About one-fifth of Douglas County's students don't attend their neighborhood school, but instead travel to a charter, magnet or alternative school; are home-schooled; or take online classes.
“All of our schools are great, but all of our schools …
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“All of our schools are great, but all of our schools don't fit for every kid,” said Pat McGraw, the school district's chief development and innovation officer, during an Oct. 7 school board presentation.
The Douglas County School District is dedicated to expanding educational options, and its nearly 69,000 students can choose from among 48 elementary, two magnet, 12 charter, nine middle, nine high, a night high, home, alternative and online schools.Statistics show 13 percent attend charter schools, 2 percent magnet, 4 percent online and 1 percent each home-school and alternative.
Choice exists within the neighborhood schools as well, McGraw said, pointing to themed curriculum that some follow, including artful, expeditionary and environmental learning, as well as International Baccalaureate, core knowledge and STEM-focused schools.
But so much choice can be confusing for parents and students, so DCSD is introducing an online tool to help draw distinctions among the many schools.
“Our goal is to provide parents to make really good and informed decisions about where to send their kid,” McGraw said. “Their decisions are only as good as the data they have to make those decisions.”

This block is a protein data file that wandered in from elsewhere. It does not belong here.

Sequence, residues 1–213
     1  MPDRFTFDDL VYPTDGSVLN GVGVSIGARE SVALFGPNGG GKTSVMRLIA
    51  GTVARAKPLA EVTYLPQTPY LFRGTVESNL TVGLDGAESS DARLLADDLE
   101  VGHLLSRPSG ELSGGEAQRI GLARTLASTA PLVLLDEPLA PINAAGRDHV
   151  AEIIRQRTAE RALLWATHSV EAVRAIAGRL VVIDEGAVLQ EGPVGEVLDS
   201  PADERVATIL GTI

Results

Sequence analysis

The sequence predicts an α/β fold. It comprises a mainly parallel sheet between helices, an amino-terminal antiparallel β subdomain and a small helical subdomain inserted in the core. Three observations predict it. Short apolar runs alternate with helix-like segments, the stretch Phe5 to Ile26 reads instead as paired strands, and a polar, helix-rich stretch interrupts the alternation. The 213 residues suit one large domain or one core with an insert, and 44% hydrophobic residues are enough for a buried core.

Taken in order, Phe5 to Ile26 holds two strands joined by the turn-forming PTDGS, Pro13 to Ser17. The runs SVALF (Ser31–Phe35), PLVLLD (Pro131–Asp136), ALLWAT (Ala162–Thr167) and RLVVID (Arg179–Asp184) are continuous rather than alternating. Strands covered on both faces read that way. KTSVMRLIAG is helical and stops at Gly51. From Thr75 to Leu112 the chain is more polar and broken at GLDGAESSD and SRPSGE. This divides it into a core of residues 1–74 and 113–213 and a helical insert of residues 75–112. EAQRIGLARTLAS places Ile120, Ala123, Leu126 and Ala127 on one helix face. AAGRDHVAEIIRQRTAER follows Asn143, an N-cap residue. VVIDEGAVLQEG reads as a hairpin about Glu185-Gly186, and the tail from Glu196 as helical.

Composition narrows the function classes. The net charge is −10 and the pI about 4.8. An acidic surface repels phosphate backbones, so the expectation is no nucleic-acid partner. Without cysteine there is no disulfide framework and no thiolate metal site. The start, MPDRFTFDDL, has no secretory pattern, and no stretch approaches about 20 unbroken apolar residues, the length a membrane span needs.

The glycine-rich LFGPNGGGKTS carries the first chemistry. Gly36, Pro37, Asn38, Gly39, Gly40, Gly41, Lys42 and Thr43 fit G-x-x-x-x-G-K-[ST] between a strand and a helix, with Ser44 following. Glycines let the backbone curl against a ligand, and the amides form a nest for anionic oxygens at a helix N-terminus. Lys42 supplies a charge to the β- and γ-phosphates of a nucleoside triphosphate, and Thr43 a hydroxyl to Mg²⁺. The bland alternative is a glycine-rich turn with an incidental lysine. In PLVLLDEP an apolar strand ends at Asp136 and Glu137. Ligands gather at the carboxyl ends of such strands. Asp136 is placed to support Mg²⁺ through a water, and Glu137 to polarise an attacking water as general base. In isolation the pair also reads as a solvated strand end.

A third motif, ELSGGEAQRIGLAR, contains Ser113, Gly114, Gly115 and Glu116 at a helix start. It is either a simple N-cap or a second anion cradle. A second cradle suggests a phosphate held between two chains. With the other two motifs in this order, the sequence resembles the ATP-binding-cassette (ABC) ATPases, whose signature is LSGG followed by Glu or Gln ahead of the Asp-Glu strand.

DCSD is introducing a School Selector tool designed to match students to learning environments. McGraw expects the DCSD website tool will be available in about a month.
School board president Kevin Larsen said parent choice extends to neighborhood schools as well.
“I would hope we're shooting for 100 percent (that) are choosing the school their child is attending,” he said. “It's more than semantics. I think it's very important the neighborhood school, if it's where your home is, is actively chosen and championed.”
The variety of schools and changing demographics has taken a toll on some schools. Superintendent Elizabeth Fagen said two of the county's oldest high schools have room for more students.
“According to our data, there is capacity available at Ponderosa and Highlands Ranch,” she said, but added the schools have found ways to put the extra space to good use.While the vast majority of students attend neighborhood schools, charter school waiting lists that number in the thousands suggest more would attend them if space were available. Two new elementary charter schools — Global Village in Parker and World Compass in Castle Rock — plan to open in 2015, and a charter high school is winding its way through the district's approval process.
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